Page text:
Ask Emily is a biweekly column by Emily Bazar of the CHCF Center for Health Reporting, answering questions about the Affordable Care Act.
California state officials have used those phrases since last year to describe the new, easier, more efficient Medi-Cal application process.
But something happened between their mouths and reality: “A hole fell out of the middle of the system,” says Jen Flory, senior attorney for the Western Center on Law & Poverty.
Nearly 1 million Californians are now stuck in a monumental backlog of Medi-Cal applications that shows few signs of abating. Some of them applied as soon as enrollment began in October last year.
I hear from them every day. People who have heard nothing for months. People who are sick, need care and don’t know what to do.
In today’s column, I will describe what went wrong with the Medi-Cal expansion and what you can do if you’re still waiting.
Under Obamacare, California expanded the ranks of recipients to include those who earn up to 138 percent of the f ederal poverty level (about $16,100 for an individual and $27,300 for a family of three) as well as childless adults.
The expansion is expected to push enrollment in Medi-Cal to 30 percent of the state’s population.
Since Oct. 1, when enrollment began, state officials urged Californians who might be eligible for the Medi-Cal expansion to apply via the website for Covered California, the state’s health insurance exchange.
Those who enrolled from October through December were told they could look forward to coverage starting in January. The central website was supposed to be able to determine income eligibility and communicate that information to county social service agencies, which do the final processing using different computer systems.
Thus the “no-wrong-door” and “one-stop-shop” talk.
Instead of those terms, Flory uses “overwhelming mess,” “fiasco” and “jaw-dropping” to describe what actually happened.
It turns out the Covered California website, which cost $454 million and counting, couldn’t communicate with the county systems for months. The website also had programming defects that caused applications to be wrongly denied and put on hold, says Frank Mecca, executive director of the County Welfare Directors Association of California.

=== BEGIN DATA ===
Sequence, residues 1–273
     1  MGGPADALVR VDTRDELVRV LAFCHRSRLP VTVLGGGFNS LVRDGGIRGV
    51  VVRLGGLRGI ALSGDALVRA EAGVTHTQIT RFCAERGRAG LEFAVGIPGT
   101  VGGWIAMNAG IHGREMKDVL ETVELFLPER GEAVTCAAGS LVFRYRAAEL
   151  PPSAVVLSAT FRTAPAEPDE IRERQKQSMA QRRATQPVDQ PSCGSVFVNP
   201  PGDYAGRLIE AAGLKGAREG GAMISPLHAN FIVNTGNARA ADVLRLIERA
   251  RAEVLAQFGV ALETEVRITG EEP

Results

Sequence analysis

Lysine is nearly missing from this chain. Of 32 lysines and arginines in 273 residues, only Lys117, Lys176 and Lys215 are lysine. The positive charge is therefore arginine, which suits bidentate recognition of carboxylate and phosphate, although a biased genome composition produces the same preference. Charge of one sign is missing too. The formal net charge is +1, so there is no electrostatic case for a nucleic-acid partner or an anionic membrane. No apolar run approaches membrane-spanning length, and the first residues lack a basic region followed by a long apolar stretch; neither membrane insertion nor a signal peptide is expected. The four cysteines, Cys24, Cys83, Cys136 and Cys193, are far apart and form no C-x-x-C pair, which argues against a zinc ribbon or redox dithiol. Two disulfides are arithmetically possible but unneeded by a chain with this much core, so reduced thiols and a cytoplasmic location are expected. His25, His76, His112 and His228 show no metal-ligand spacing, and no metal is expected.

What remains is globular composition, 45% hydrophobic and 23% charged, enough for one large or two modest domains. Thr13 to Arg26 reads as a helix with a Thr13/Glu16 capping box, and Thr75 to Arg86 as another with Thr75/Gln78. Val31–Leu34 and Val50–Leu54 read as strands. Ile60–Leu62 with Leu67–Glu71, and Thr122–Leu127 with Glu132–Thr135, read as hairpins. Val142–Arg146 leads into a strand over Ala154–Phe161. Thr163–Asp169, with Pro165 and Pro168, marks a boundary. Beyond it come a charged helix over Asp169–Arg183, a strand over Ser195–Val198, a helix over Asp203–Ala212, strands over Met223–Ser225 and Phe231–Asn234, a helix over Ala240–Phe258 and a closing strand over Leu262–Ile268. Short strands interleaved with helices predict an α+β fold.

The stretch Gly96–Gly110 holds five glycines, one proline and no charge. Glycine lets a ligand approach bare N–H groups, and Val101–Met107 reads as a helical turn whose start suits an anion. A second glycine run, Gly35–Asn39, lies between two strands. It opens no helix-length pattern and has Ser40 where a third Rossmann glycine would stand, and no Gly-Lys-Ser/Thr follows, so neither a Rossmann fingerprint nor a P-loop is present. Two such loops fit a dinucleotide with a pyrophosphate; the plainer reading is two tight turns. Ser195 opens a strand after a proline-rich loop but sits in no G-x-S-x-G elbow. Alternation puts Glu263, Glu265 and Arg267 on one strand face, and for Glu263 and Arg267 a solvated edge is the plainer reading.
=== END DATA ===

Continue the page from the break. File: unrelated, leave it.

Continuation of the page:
“The plan was that the interface (among the computer systems) would be ready on Oct. 1,” he says. “It wasn’t ready until Jan. 21.”
The outcome? “Most of those applications could not be processed and were essentially stuck there,” he says.
Then, the state got slammed with more applications than expected. As of March 31, 1.9 million people had enrolled in Medi-Cal, compared with the 1.4 million Californians who purchased Covered California plans.
In addition, some people didn’t provide documents that allow the state to verify eligibility, says Tony Cava of the state Department of Health Care Services , which administers Medi-Cal.
As a result, a whopping 900,000 Medi-Cal applicants remain stuck in enrollment purgatory. More than half of them applied within the last 45 days, Cava says. By law, applications are supposed to be processed within that time frame, he says.
There are some steps you can take if your application is stuck or you need care while waiting:
• Call or visit your county human services office to kick-start your application. You can find contact information on theDHCS website
. If you need medical care, the county may be able to give you a temporary identification card that will allow you to access services until your enrollment is complete, Cava says.
• If you can’t get through to a county worker and have been waiting for more than 45 days, call the state at (855) 795-0634 to request a hearing, Flory says.
• You may be able to receive assistance from the Health Consumer Alliance (healthconsumer.org
) and (888) 804-3536), which offers programs across the state, Flory says.
• Go to the hospital for emergencies, Cava says.
Please note that your eligibility dates back to the month you applied, so you may be able to get reimbursed for your non-emergency costs, assuming you received care from a doctor or hospital that accepts Medi-Cal patients, Flory says. Emergency care will be covered wherever you receive it, she says.
You also may receive retroactive benefits for the 90 days prior to your application date. But for anyone considered newly eligible under the new Medi-Cal rules, your retroactive coverage cannot predate Jan. 1, Cava says.
Medi-Cal enrollment continues all the time. Given the troubles I’ve just described, you may think it’s not worth applying, even if you think you’re eligible.
But you should. Just be prepared to wait.